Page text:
|Tuesday, February 22, 2000||
Volume 65, Issue 100
Moeller on "it"
|Vote for the best-sounding
R. Alex Whitlock
The Republican and Democratic primaries are upon us. By and large, Americans have two Democrats and two Republicans to choose from. On the Democratic side, there is the born-again New Dealer Bill Bradley versus Clinton surrogate Al Gore. On the Republican side, there is media darling John McCain versus former media darling George W. Bush.
Though I know who I am going to vote for, I'm not writing this column to endorse any particular candidate. Instead, I'm writing this column to plead that when you do make your decision, be honest about why you made your choice.
A friend of mine once told me that experience was paramount and that was why she was voting for Al Gore. I asked if she had voted for George Bush in 1988, knowing that the answer was no. We sometimes like to think our decision for whom to vote for is an objective one and find reasons to back this up, but we really choose candidates subjectively because we simply like what they're saying or what they say they stand for. Experience, for instance, doesn't make a good president, nor does relative inexperience make a bad one.
Two examples of underqualified presidents are Abe Lincoln and John F. Kennedy. Lincoln was a one-term Congressman and a failed senatorial candidate. Kennedy, though a senator, was known throughout Congress for being a playboy do-nothing. The most qualified non-incumbent in recent U.S. history was George Bush the elder, a one-term president who lost to a considerably less-qualified Bill Clinton.
Some say that they're going to vote for McCain because of his valor during Vietnam and because he's an honorable person. Do honorable people make good presidents? Jimmy Carter and Herbert Hoover were of impeccable character, yet both unsuccessful presidents.
This works the other way around as well.
Some say that they would never vote for George W. Bush because he is the child of privilege who never would have gotten where he was if his last name weren't Bush. The same applies to John F. Kennedy, though, who used his family name to garner power all the way up to the presidency. Gore also thrived on his family name.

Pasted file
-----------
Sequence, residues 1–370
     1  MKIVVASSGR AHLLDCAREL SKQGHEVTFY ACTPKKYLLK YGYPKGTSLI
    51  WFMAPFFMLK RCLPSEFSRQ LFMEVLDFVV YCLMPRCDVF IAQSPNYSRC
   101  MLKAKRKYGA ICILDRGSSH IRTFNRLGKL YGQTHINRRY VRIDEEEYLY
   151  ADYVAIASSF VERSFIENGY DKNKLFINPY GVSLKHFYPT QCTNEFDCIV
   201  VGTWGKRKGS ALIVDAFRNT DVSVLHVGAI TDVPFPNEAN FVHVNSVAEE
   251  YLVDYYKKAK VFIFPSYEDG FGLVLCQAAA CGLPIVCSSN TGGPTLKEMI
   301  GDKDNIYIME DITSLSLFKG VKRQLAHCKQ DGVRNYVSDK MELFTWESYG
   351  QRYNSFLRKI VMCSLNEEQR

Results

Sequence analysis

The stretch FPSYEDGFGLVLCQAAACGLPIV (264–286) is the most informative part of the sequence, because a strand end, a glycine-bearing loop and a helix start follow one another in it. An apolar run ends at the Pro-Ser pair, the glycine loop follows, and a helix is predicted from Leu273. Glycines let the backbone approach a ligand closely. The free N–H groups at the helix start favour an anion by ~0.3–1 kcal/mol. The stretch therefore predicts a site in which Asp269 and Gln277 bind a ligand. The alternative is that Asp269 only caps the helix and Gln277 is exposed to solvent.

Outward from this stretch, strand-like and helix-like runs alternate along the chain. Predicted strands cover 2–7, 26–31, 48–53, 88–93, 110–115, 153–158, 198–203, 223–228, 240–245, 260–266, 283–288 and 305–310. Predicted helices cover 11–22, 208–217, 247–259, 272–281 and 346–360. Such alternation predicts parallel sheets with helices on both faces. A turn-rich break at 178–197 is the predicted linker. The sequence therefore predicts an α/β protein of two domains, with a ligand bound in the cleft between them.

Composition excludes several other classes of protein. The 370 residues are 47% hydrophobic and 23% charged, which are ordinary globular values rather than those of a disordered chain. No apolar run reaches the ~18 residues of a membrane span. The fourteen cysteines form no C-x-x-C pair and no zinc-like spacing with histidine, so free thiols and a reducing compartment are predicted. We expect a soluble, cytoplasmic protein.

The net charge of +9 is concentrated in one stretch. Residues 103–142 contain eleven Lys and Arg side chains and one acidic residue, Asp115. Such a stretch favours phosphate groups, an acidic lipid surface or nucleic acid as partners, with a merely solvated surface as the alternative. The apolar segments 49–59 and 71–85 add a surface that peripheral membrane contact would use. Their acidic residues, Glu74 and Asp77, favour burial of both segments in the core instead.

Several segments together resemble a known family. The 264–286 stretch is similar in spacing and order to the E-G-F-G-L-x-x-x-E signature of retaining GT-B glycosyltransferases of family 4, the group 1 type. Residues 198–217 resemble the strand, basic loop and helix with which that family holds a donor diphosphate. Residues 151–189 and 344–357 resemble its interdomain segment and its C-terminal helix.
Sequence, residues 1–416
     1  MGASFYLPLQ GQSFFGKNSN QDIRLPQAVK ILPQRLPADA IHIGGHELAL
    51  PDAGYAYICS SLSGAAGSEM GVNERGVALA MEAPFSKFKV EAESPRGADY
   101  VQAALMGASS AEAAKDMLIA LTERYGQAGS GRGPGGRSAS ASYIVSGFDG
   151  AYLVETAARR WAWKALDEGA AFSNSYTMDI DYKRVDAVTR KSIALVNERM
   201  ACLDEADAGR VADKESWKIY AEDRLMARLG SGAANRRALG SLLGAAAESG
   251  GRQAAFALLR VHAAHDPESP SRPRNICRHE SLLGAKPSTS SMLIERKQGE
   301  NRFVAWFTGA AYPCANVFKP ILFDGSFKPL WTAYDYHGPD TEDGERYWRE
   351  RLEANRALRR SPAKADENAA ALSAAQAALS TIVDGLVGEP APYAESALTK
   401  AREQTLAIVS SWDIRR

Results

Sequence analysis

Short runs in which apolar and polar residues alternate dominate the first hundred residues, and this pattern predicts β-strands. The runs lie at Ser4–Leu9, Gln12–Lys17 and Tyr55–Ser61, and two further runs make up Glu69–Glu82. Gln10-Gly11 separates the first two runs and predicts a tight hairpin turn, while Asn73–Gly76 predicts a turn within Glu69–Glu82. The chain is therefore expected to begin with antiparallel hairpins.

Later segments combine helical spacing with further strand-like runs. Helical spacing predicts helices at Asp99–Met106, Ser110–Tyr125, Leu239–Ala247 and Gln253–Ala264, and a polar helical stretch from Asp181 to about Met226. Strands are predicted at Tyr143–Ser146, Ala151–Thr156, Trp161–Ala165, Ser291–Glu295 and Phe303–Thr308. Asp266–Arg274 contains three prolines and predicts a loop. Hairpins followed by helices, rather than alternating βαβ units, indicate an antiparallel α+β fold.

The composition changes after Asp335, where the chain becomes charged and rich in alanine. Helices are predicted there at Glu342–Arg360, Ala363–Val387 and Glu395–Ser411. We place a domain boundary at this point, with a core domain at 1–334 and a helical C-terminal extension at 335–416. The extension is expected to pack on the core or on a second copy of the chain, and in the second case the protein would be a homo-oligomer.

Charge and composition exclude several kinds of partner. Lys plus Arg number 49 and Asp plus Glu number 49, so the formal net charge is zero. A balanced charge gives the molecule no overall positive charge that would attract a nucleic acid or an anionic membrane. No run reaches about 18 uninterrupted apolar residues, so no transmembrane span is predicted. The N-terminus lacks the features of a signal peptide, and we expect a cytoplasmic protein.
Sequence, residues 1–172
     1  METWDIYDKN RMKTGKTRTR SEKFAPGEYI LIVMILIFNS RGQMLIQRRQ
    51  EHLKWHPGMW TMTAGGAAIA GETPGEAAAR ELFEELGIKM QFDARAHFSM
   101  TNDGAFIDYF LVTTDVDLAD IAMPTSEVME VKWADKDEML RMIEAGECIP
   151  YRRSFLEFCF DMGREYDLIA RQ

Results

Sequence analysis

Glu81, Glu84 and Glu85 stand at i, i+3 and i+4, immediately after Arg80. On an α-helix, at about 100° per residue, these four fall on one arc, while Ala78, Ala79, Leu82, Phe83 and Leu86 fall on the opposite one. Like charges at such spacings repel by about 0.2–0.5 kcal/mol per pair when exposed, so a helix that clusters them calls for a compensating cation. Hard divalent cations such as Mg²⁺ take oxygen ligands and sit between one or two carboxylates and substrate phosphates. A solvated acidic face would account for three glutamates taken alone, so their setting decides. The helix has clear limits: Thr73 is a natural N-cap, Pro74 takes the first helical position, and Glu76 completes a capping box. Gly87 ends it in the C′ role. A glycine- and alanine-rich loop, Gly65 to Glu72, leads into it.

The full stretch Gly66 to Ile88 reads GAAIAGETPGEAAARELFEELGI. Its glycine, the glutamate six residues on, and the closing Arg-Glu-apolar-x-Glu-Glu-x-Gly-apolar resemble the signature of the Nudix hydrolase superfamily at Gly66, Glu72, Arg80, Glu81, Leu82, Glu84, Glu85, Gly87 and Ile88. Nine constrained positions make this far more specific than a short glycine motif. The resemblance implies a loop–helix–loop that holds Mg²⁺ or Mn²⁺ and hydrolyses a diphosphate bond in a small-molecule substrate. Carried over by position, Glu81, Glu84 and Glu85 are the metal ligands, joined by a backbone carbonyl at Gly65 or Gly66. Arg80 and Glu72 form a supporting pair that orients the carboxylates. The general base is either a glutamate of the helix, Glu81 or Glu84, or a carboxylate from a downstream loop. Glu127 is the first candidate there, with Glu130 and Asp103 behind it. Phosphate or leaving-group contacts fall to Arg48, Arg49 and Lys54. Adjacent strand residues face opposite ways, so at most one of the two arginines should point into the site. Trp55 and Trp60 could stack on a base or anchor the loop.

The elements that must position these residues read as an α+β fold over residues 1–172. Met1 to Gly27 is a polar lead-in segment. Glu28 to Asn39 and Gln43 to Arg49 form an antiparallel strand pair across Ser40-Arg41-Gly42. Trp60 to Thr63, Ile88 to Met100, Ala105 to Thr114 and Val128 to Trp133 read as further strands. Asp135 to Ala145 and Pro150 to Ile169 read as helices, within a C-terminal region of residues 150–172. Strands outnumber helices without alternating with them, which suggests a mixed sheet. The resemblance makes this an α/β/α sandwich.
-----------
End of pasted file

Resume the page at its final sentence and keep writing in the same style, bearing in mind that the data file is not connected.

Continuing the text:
I'm voting for my candidate because he's campaigning on issues that matter to me and saying the least to offend my sensibilities. If he doesn't make it, my No. 2 pick agrees with me the next most, and so on.
That's not to say that experience and character aren't important. You obviously want to avoid someone so corrupt that he'll throw our country into years of civil strife (two recent presidents come to mind).
You also don't want to put someone in office who has no experience to draw on if he is elected. If you look at it with a modicum of objectivity, none of the four candidates fit either of these categories. They all have their share of scandals, but none appears to have the complete and utter disregard for the truth that marked Clinton's presidency nor the sheer, reckless ambition that marked Nixon's. Additionally, all four candidates have at least some political experience under their belts to draw from.
Governor Bush, the least experienced, has used his weak governorship to pass through an impressive amount of legislation. Experience and character are also indicators to how successful a candidate will be at getting his legislation through. But what good is a candidate with good credentials who is going to spend his time passing laws you disagree with?
Whitlock, an information systems junior,